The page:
Google's vision is bold, and relies on print-like layouts, cards, more movement, animations. It's an attempt to meld the appearance of print with the fluidity and magic, if you will, of technology.
I venture that Google has caught up with iOS in a very short time, and with a wider and closer adoption of Material Design by developers, Android could easily overtake Apple in terms of coherent and appealing design. But for one major obstacle.
Sony and Samsung
Turn on a Samsung Galaxy S7 – a sleek, expensive and desirable piece of technology – and you're confronted with a garish mash of color that is made all the more hideous by a brilliant display.
Samsung continues to employ its nuclear-sludge-green in combination with navy blue. These colors clash horrendously. Not only that, but blue has the biggest negative impact on an AMOLED screen, burning the pixels out most efficiently, and while black comes through impressively on an AMOLED panel, Samsung's designers often opt to use varying shades of grey, instead.
I want to make clear now that design and aesthetics are deeply personal, subjective considerations. But the more universal the language of design is, the more users everywhere benefit. Now, I think Samsung and Sony UIs are ugly. Others do not think so. My major point of contention, however, is that heavily customized manufacturer UIs like TouchWiz are detrimental to Google's vision.
Seemingly small changes made by manufacturers reject essential elements of Material Design
The thing is that custom skins, particularly TouchWiz and Xperia, don't really represent a customization of stock Android, they represent a rejection of the Material Design language.
Open the app drawer on a Galaxy device and the animation is a quick fade in. Open it on Xperia and it slides up. Both use transparent backgrounds. These are small changes, but they reject essential elements of Material Design.
Samsung still uses big, colorful icons that share more in common with iOS than stock Android.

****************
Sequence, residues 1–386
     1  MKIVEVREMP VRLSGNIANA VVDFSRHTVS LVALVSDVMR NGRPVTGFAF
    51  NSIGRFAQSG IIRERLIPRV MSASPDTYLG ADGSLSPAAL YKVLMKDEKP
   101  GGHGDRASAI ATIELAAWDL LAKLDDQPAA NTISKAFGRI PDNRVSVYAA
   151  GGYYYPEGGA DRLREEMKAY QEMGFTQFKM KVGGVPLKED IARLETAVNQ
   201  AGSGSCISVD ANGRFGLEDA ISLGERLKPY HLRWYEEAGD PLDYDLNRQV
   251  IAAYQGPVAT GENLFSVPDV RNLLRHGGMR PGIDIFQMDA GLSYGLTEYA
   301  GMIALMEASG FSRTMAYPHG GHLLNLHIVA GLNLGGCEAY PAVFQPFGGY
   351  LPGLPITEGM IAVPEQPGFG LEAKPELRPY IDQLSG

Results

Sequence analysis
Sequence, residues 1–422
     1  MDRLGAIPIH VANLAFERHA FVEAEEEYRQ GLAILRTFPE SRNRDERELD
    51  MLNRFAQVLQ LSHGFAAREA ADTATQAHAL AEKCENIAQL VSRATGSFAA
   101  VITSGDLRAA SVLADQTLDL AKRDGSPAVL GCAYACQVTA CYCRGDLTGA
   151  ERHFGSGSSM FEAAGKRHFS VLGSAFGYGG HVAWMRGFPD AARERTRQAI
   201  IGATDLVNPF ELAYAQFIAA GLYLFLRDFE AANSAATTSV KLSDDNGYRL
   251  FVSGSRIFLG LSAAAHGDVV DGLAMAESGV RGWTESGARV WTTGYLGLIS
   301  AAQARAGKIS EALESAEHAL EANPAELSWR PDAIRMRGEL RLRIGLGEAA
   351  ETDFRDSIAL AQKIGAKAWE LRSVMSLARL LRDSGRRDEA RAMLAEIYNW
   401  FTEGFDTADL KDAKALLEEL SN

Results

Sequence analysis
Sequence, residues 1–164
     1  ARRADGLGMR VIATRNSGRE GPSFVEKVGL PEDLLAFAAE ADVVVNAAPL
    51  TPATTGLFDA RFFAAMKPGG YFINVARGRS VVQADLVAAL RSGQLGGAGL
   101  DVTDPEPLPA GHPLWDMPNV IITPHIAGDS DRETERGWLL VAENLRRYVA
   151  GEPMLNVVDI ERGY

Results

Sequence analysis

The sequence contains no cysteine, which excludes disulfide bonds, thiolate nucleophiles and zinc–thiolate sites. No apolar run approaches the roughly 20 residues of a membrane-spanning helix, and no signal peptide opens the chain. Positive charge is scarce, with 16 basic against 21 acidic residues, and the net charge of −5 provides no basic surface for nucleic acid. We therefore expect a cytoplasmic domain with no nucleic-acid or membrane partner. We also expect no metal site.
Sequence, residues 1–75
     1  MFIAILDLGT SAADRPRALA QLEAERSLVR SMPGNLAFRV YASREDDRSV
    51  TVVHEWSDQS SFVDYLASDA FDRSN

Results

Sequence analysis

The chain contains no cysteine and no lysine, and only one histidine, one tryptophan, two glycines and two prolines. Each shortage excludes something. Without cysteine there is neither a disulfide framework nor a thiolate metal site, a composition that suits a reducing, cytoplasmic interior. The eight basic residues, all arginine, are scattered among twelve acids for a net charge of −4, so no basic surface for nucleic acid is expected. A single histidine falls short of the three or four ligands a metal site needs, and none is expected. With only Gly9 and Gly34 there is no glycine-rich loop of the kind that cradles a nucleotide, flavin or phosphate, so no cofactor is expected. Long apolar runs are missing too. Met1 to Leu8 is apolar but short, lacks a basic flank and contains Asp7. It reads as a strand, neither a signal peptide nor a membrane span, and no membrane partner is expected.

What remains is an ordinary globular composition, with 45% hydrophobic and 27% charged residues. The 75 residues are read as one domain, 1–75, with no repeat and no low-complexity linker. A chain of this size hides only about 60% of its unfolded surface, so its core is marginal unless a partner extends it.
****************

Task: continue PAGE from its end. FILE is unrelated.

Whereas Apple moved away from using realistic, humanistic imagery between iOS 6 and 7, and Samsung also, since TouchWiz 5.0, one of the first things you will see on a new Xperia Z device is an AccuWeather widget, complete with realistic depiction of the current conditions. It's also about as far from Material as you can get. With its PlayStation Network icon, it appears Sony has even't attempted to adhere to a single element of Google's guiding principles.
These are just a very small handful of examples. There are many more.
We can put these decisions down to a number of reasons: laziness, ignorance or a rejection – partial or not, the effect is the same – of Material Design. I like to think it's the latter, but whichever is true, it makes Android less appealing to people unfamiliar with it, it fragments Android, and creates alternative, incomplete design languages that to a lot of people, myself included, simply look horrible.
We should celebrate manufacturers like HTC, who has pruned its Sense UI down on the HTC 10 and replaced some of its own apps with Google apps. This is exactly the approach I am looking to see, and I hope more manufactures follow suit.
Do you think manufacturer skins are doing Android a disservice, or do you prefer TouchWiz to stock? If so, why? Let me know in the comments.